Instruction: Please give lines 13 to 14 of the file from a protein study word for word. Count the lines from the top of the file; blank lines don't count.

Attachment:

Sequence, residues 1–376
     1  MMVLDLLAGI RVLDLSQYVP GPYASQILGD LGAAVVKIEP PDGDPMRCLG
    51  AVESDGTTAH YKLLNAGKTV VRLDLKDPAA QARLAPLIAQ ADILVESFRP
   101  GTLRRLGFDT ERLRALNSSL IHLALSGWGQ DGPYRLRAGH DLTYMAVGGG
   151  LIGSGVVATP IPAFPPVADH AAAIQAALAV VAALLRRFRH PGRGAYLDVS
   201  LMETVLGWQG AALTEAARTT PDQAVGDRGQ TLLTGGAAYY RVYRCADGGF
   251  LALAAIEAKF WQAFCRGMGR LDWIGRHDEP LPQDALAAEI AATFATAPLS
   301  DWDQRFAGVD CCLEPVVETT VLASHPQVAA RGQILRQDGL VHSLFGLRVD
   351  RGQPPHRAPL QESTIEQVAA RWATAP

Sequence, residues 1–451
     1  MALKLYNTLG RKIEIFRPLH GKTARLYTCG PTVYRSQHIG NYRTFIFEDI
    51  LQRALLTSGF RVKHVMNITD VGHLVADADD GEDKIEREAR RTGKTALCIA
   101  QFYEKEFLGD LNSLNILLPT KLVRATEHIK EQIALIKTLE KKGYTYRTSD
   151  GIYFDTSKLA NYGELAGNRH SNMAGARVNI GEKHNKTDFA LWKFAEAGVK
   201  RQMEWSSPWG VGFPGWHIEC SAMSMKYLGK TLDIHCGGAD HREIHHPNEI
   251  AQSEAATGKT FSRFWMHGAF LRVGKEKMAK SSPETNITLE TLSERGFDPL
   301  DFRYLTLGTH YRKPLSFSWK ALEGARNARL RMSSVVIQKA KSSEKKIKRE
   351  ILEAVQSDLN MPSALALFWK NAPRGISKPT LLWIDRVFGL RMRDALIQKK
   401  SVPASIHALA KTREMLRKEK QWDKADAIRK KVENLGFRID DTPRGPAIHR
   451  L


   101  QFYEKEFLGD LNSLNILLPT KLVRATEHIK EQIALIKTLE KKGYTYRTSD
   151  GIYFDTSKLA NYGELAGNRH SNMAGARVNI GEKHNKTDFA LWKFAEAGVK